Volume 19, No.3 - Fall 1973
Editors of this issue: Antanas Klimas, Ignas K. Skrupskelis, Thomas Remeikis, 
Copyright © 1973 LITUANUS Foundation, Inc.



In recent years, opinions have been divided concerning the year in which the first Latvian book was published. Until the 20th century (1911) it was believed that the oldest book printed in Latvian was a translation of Luther's "Mažais Katechisms" (The Little Catechism), together with some church hymns and some gospel texts, which was published in 1586. This opinion now ought to be changed, since an older book has been discovered in the library of the University of Uppsala, the "Katolu katechisms" (Catholic Catechism), dated 1585. Although some scholars, for example J. Straubergs, wrote that even some older books published in Latvian probably exist, there is scant evidence to support this. Thus, a decision was made to celebrate the 400th anniversary of the Latvian printed book in 1985.

In 1960, Karlis Egle published a treatise "Par Latviešu gramatniecibas šakumu" ("On the Beginning of the Latvian Book Issues") in Literatūra un Maksla (1960, No. 19). Professor Paul Johansen of the University of Hamburg had found some detailed information in the diary of the Dome Dean of Luebeck Brandt regarding a  Latvian book printed as early as 1525. In this diary, written in Latin, it is mentioned that in 1525 a Lutheran Church Book "Missale" was published with three parallel texts — in ordinary Livonian, in Latvian, and in Estonian. The fate of this book is very interesting. Konstantins Karulis in his book Latviešu gramata gadsimtu maina (Latvian Book in the Change of Centuries, Liesma, Riga, 1967), gives us some information. After the printing, copies of this book were sent in a barrel from Luebeck to Riga. (In the Middle Ages and the Early New Ages, books were usually transported in barrels.) The Council of the Catholic City of Luebeck ordered the barrel to be opened, protocol about the books was written, and all of them, but for two copies left for the archives, were burned. One of these remaining copies was found in the Provincial Library of Schleswig before World War II.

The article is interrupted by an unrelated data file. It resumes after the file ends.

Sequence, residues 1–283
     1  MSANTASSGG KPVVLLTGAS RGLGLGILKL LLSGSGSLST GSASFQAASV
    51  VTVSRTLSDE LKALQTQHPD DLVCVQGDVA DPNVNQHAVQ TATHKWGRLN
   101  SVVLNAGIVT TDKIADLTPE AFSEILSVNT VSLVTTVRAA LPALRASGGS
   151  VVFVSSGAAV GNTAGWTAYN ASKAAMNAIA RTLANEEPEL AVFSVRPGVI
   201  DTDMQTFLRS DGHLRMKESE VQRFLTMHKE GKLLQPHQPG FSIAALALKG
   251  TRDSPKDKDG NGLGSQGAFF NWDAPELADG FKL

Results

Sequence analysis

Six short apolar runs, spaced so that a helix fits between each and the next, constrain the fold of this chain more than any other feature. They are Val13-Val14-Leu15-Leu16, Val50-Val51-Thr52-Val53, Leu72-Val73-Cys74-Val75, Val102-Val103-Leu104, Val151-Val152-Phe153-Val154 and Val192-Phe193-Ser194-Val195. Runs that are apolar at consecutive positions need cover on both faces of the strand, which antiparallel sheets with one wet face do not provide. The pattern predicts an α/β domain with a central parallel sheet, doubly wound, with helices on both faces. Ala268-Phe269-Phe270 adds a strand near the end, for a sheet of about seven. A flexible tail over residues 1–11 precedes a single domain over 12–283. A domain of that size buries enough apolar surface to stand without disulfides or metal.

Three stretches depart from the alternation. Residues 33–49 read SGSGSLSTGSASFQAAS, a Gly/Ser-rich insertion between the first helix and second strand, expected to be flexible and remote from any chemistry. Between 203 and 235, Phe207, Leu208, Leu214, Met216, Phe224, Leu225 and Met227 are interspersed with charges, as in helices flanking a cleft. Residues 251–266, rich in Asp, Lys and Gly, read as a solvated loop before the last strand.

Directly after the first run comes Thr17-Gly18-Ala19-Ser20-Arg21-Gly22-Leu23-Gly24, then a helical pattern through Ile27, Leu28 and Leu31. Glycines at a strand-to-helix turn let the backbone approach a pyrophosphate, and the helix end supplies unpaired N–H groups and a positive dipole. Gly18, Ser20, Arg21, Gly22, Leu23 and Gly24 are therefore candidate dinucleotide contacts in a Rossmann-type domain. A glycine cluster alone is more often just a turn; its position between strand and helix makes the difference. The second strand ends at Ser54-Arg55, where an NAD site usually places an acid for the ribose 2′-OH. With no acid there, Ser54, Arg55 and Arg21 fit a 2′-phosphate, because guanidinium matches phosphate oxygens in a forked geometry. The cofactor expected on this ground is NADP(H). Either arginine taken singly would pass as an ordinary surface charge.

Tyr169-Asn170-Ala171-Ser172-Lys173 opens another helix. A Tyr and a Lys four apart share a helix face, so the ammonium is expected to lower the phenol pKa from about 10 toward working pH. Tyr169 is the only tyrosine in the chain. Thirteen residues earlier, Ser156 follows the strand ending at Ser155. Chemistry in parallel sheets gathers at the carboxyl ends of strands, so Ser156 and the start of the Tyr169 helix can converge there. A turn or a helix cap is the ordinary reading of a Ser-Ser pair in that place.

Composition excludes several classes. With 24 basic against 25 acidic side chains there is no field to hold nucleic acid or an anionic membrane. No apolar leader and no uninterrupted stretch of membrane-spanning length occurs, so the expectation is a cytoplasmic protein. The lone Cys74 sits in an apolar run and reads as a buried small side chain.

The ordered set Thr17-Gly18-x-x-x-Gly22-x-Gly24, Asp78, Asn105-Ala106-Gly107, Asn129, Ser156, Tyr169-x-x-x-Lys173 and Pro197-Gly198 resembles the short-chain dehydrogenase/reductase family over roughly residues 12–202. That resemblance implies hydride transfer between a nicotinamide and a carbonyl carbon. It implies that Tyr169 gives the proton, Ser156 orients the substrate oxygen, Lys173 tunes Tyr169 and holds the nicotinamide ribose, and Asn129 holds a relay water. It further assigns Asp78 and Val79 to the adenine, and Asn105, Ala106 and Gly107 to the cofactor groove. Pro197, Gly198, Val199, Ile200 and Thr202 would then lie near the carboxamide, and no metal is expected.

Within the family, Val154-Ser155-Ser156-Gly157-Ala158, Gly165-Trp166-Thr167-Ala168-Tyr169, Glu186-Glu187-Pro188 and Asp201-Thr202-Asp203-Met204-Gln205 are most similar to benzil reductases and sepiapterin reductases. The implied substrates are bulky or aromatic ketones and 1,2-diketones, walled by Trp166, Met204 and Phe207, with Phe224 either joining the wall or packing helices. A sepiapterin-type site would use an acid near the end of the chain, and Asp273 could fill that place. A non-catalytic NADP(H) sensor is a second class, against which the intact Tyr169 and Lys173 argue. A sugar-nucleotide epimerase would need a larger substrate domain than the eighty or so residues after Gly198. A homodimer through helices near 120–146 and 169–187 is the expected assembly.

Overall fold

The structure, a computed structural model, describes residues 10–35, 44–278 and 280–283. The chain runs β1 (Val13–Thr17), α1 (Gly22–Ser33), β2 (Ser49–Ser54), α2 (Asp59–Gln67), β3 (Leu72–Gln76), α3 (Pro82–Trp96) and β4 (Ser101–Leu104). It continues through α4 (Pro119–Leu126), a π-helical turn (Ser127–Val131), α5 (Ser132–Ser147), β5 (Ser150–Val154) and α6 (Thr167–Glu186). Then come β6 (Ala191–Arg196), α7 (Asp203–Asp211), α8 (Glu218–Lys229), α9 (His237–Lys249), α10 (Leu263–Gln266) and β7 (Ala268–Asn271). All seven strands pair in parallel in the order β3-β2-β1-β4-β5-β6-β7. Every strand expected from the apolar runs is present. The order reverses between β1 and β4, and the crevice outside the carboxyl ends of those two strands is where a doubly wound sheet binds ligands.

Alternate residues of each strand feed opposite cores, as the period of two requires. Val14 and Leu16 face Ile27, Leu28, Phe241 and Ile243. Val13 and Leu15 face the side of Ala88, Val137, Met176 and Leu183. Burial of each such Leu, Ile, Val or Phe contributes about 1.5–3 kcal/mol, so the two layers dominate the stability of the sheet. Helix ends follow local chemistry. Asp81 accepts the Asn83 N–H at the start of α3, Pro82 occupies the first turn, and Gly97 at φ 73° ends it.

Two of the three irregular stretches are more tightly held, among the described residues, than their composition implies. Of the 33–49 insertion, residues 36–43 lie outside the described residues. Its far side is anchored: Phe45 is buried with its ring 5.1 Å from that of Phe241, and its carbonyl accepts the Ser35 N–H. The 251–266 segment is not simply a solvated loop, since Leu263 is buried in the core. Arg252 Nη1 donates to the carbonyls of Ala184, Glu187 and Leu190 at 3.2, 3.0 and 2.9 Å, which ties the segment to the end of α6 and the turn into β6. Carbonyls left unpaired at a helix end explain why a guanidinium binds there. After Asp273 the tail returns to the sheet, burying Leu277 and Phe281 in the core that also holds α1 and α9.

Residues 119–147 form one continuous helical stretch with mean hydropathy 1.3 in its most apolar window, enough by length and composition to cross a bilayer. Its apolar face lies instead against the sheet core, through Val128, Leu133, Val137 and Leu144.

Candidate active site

The text of this book had been translated from Latin by the pastor of St. Jacob's church in Riga, Nicholas Ramm, who had studied at the University of Rostock. In 1514, he was appointed as a Catholic priest at Limbaži, but was expelled when he turned to Luther's protestantism. From 1524, Ramm was in charge of the first Library of the City of Riga (now the Main Library of the Academy of Sciences), and in 1527 he was appointed pastor of a Latvian parish. While holding this position, he wrote or translated a number of hymns into Latvian, the first one dated 1530.1

Some evidence can also be found in the literature that a Lutheran handbook was printed in 1530. It is possible that, after the mishap with the 1525 book, the same text may have been printed a second time in 1530. In the book Cosmography by Sebastian Muenster, Basel, the text of the Lard's Prayer was printed in Latvian. This is the oldest extant printed text in Latvian.

In 1582 the Pope's legate Possevine arrived in Riga. In a letter he asked the Pope to send him, for translation, a copy of the popular Catholic Catechism by Peter Canizius. A German Catholic priest, E. Tolgsdorf, who was familiar with the Latvian language, also arrived in Riga at that time, and it can be assumed that he then undertook the task of translating the Canizius Catechism into Latvian. It was printed in Vilnius, Lithuania, in 1585 in an edition of 1,000 copies — a very large number for that time.

Regardless of the fact that no pre—15th-century texts have been preserved, evidence indicates that Latvian books existed even before the beginning of the 15th century. At the beginning of the 15th century, Latvian peasants were formally examined on religious matters. Religious teaching could probably not be done by memory alone, without a special textbook. In all the later texts known to us, no differences of dialect were apparent. We find a traditional literary written language already developed at that time. This is extraordinary, for the differences of Latvian dialects in the 15th century were much greater than they are today.